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New Relaxed Mortgage Rules Could Spur Over 1 Million Additional Home Loans

MainStreet logo MainStreet 12/1/2014 Hal Bundrick
New Relaxed Mortgage Rules Could Spur Over 1 Million Additional Home Loans © TheStreet New Relaxed Mortgage Rules Could Spur Over 1 Million Additional Home Loans

NEW YORK (MainStreet) — Strict underwriting standards have kept many would-be homeowners from obtaining mortgages, but that may be changing for many of those who have been locked out of the market. Fannie Mae and Freddie Mac, the government-sponsored enterprises (GSEs) who guarantee loans for borrowers with weaker credit, are relaxing some of their standards, potentially opening the doors to homeownership for hundreds of thousands of Americans.

The new guidelines, adopted in October but going into effect today, will speed the loan process and clarify the standards that lenders tapping the guaranteed loan programs must abide by. The Urban Institute, a nonprofit Washington think tank, estimates that the changes could help generate more than one million additional home loans annually.

Read More: Will Housing Really Rebound in 2015? Realtors, Lenders Need to Talk

The Mortgage Bankers Association (MBA), the national association that represents the real estate finance industry, sees the policy changes as a positive move for the housing industry.

“MBA applauds these announcements and thank the GSEs and FHFA for their effort," said David H. Stevens, president and CEO of the Mortgage Bankers Association. "These changes represent a significant step toward substantive rep and warrant reform that will clarify lenders’ obligations and reduce undue underwriting overlays that restrict access to credit."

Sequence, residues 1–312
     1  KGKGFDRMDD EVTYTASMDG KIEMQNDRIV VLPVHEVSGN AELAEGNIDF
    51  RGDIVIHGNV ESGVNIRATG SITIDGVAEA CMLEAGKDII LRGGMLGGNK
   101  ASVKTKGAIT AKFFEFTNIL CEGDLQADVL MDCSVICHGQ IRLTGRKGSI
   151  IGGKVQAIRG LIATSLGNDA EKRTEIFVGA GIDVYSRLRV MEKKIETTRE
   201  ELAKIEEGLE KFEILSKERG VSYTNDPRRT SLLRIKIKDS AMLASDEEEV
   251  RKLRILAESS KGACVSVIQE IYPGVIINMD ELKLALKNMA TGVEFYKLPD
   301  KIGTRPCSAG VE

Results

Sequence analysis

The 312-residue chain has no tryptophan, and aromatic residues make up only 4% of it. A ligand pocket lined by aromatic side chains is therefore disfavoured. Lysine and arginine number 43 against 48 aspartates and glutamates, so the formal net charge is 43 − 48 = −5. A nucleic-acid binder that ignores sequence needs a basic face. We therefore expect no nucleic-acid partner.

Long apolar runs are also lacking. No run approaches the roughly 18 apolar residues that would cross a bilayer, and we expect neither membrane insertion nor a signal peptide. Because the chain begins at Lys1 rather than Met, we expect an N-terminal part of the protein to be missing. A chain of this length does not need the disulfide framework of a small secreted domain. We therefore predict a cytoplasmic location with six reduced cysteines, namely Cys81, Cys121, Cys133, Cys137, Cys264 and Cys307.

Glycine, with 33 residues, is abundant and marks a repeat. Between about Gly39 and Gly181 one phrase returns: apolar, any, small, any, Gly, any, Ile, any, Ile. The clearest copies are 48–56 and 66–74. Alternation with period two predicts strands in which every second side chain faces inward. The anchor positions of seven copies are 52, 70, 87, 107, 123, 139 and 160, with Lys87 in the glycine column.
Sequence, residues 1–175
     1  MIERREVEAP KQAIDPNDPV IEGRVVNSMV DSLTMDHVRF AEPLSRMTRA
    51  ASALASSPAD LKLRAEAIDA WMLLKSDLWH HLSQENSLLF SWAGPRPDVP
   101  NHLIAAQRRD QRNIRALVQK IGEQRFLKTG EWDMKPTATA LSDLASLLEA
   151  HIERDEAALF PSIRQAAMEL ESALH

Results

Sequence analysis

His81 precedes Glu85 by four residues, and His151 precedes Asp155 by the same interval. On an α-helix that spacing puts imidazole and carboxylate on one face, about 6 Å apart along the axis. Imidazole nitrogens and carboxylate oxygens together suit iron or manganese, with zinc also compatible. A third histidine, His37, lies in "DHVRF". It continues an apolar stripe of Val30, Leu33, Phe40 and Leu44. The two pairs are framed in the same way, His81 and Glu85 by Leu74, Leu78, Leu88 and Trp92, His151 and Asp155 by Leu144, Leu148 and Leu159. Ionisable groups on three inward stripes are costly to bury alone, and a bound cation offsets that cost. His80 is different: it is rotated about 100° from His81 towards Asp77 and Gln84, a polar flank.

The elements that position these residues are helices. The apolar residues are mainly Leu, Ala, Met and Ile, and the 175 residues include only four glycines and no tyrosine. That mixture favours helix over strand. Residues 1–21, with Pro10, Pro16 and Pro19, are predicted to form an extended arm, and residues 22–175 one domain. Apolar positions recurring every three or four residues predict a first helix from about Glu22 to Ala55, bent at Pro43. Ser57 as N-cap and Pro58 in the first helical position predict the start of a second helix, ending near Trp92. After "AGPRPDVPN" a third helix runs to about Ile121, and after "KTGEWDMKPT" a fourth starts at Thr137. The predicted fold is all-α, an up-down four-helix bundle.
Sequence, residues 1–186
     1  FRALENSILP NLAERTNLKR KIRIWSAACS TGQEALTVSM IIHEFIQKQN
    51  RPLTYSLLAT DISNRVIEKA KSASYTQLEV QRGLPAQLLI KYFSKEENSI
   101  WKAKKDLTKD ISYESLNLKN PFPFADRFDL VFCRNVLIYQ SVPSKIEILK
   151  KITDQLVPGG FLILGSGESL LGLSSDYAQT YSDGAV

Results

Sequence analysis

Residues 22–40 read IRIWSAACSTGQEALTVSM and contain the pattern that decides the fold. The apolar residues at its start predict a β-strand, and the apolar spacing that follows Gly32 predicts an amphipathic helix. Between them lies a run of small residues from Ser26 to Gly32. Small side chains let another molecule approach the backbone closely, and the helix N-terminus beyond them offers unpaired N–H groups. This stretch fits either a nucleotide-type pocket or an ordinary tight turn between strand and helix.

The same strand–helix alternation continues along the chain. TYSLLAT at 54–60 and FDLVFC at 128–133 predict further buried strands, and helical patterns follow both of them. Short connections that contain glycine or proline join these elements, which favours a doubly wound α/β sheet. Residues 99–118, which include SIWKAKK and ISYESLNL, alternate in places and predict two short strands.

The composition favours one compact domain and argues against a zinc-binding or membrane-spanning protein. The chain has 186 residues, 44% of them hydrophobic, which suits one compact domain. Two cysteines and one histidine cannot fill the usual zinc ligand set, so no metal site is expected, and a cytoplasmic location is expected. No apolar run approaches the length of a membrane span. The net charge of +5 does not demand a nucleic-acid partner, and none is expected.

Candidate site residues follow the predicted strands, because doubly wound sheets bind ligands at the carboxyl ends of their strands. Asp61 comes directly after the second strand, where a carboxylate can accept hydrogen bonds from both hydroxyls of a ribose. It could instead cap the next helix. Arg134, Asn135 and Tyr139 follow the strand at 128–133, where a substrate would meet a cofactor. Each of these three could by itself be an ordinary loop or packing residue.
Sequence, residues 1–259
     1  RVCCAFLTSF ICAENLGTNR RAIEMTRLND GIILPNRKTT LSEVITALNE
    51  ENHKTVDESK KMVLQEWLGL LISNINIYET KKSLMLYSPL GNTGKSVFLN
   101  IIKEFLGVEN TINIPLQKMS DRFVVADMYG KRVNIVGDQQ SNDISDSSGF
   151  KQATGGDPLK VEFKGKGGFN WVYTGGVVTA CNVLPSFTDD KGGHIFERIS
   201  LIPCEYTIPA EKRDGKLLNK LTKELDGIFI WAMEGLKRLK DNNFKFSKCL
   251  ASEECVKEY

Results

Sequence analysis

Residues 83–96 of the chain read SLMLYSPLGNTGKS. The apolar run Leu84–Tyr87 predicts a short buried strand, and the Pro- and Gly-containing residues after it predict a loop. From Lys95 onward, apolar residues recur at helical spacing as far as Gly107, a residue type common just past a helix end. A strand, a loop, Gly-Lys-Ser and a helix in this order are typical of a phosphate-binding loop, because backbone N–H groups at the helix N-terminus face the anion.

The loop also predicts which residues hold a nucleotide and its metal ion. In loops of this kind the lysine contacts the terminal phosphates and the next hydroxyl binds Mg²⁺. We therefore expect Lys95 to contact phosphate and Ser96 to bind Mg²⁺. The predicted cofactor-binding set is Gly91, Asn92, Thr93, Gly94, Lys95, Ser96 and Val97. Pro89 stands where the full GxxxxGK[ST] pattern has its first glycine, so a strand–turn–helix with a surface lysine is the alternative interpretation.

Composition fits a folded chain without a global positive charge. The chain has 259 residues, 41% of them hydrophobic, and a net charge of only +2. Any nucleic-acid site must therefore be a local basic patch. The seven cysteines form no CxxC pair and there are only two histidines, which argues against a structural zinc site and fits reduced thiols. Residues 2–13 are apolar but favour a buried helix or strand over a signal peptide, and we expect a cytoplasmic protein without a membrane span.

The American housing market could certainly use some good news. The Pending Home Sales Index, issued by the National Association of Realtors (NAR) and based on contract signings, decreased 1.1% in October but is more than 2% higher than one year ago. Still, the index is reflecting only an average level of contract activity for the sixth month in a row.

"In addition to low interest rates, buyers entering the market this autumn are being lured by the increase in homes for sale and less competition from investors paying in cash," said Lawrence Yun, NAR chief economist in a statement issued with the data. "Demand is holding steady but would be more robust if it weren't for lagging wage growth and tight credit conditions that continue to hamper those individuals looking for relief from rising rents."

The mortgage lending changes which are just being implemented, a provision of the Dodd-Frank law of 2010 that was long-delayed, will allow lenders more flexibility in underwriting loans, in an effort to boost the U.S. housing recovery. Major lenders are also expected to loosen credit-score requirements and limit the impact of one-time credit issues on underwriting decisions. The volume of paperwork required to complete a loan may also be reduced.

--Hal M. Bundrick is a Certified Financial Planner and contributor to MainStreet. Follow him on Twitter: @HalMBundrick


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